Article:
Hybrid vehicles are a cross between the new battery electric vehicles (BEVs) and traditional fossil fuel-based vehicles. They contain a traditional gas or diesel engine and an auxiliary drive system consisting of a battery, electric motors, and a charging system.
Depending on the vehicle, that additional electrical drive train may be able to drive the vehicle by itself under certain conditions, or it may assist the fossil fuel drivetrain so it does not need to generate as much power on its own. Regardless of how the system works, its goal is to reduce the amount of fuel burned and subsequently reduce the number of carbon emissions produced by the vehicle.
With current technology, hybrid vehicles are superior to purely electric vehicles in every way. They work well with existing infrastructure, are less expensive to own and operate, work much better as tow vehicles or work trucks, and are much more environmentally friendly.
Unfortunately, with steep fuel milage requirements placed on the US automotive industry, these superior products have been passed over in favor of BEVs when it comes to new product development. Fortunately, there are a few great hybrid options out there and with any luck, there will be more to come in the future. Let’s take a look at hybrid vehicles you can tow a camper with.
If you would like to read more about towing with a purely electric vehicle, check out this article.
Why Are Hybrid Vehicles The Best Choice For Towing?
Hybrid vehicles are the best option for towing because they combine the best features of a fossil-fueled powered vehicle with those of a battery-powered vehicle.
Benefits of the fossil fuel vehicle:
- Range: Range on a hybrid is fuel mileage times the fuel tank capacity, just like a traditional gas vehicle. Refueling is done at a standard fuel station with no need for the plugin. This makes the range a much smaller issue with these vehicles than with a battery-electric vehicle.
- Quick Refueling: These vehicles run on gas without the need to be plugged in to charge. They can be quickly refueled at any traditional fuel station. They can also be refueled from a Jerry can in the unfortunate case that you miscalculated your ability to make it to the next station. You can’t do that with a battery-powered car.
- Compatibility with existing infrastructure: Fueling is quick and easy at a standard gas station. These are plentiful nationwide, which makes long-distance travel easy. Also, unlike most electric charging stations, there are plenty of gas stations that can accommodate a truck and attached trailer while you fuel. Most battery vehicle charging stations cannot, which will require you to remove your trailer and leave it somewhere while you charge.
- Low production environmental impact: The negative environmental footprint to manufacture and deliver a gas or hybrid vehicle to a dealership is much smaller than an equivalent battery electric vehicle. Production of long-range Lithium battery packs is extremely damaging to the environment, as is disposing of them. So much so that Tesla was recently removed from the S&P 500 ESG Index. This index essentially ranks companies by their environmental, social, and governance footprints. One of the reasons for delisting was the heavy pollution generated by Tesla’s Nevada battery plant which helped it earn the #22 spot on UMass’s Toxic 100 Air Polluters Index. By comparison, General Motors is the only other ranked auto manufacturer coming in at 94th even though GM and Ford produce more vehicles than Tesla by a factor of 6 and 4 respectively.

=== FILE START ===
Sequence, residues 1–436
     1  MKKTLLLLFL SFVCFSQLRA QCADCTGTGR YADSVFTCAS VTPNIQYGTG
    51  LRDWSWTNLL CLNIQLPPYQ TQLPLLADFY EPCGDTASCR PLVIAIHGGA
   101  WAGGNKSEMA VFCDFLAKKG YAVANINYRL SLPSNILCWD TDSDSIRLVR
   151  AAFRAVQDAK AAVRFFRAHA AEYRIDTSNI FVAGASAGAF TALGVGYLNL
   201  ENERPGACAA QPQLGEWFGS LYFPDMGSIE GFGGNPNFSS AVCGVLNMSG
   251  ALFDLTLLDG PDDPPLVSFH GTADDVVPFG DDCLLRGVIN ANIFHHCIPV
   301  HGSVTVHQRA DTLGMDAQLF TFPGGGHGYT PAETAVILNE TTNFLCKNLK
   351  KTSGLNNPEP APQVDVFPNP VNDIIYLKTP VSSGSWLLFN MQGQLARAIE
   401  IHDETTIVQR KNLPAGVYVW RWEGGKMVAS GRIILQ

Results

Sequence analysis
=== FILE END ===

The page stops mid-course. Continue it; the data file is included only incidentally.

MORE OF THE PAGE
The major benefit of the electrical vehicle is the low operational environmental impact. This is during the time you own and drive it, where it does not produce CO2. This benefit is severely limited when a BEV is charged from the non-renewable public grid, as most BEVs are.
In the case of these hybrids, the battery is charged through regenerative braking and/or with the gas engine. Any extension in fuel milage created by the hybrid system is not offset by carbon emissions generated by charging from the public grid. If you are environmentally conscience, hybrid vehicles are by far the best option for towing a camper.
Can I Really Tow A Travel Trailer With A Hybrid Truck?
There are several hybrid trucks available on the new or used markets which make excellent tow vehicles for travel trailers. As with selecting any tow vehicle, it is important to get the maximum towing capacity and Gross Vehicle Weight Ratings (GVWR) for any tow vehicle you are considering to make sure it is capable of towing your trailer.
These ratings can vary greatly depending on the vehicle and they can be quite different for apparently equivalent vehicles so don’t assume that a GMC 1500 automatically has the same towing and GVWR ratings as a Chevy 1500.
What Kind Of Range Can I Expect Towing A Trailer With A Hybrid Vehicle?
You can expect the range of a hybrid vehicle to be equivalent to the pure fossil fuel-powered truck when towing a trailer. This is the case because the hybrid system in these units is typically ineffective or automatically disabled when towing. Therefore, when towing, you are effectively driving a fossil fuel-powered vehicle.
The range is a term pushed around mainly in the electric car world for two reasons. One, it’s a competitive number that people use to judge which new models are “better”. Longer range = better car. While that may seem like an odd metric to judge quality, when you consider how inconvenient or difficult it is to charge an electric vehicle then it starts to make more sense.